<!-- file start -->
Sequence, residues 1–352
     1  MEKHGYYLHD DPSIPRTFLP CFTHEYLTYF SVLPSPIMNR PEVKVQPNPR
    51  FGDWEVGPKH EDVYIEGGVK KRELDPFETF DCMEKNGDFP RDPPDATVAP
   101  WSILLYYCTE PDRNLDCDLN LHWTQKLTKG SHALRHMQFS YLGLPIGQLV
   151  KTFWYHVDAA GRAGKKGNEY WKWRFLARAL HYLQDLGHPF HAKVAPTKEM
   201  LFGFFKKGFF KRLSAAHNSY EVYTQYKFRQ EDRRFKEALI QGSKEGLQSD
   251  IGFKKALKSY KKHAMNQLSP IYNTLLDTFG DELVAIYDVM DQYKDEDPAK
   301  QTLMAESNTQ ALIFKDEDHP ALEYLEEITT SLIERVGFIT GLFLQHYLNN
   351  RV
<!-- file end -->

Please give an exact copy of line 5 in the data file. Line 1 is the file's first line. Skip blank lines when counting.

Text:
   151  KTFWYHVDAA GRAGKKGNEY WKWRFLARAL HYLQDLGHPF HAKVAPTKEM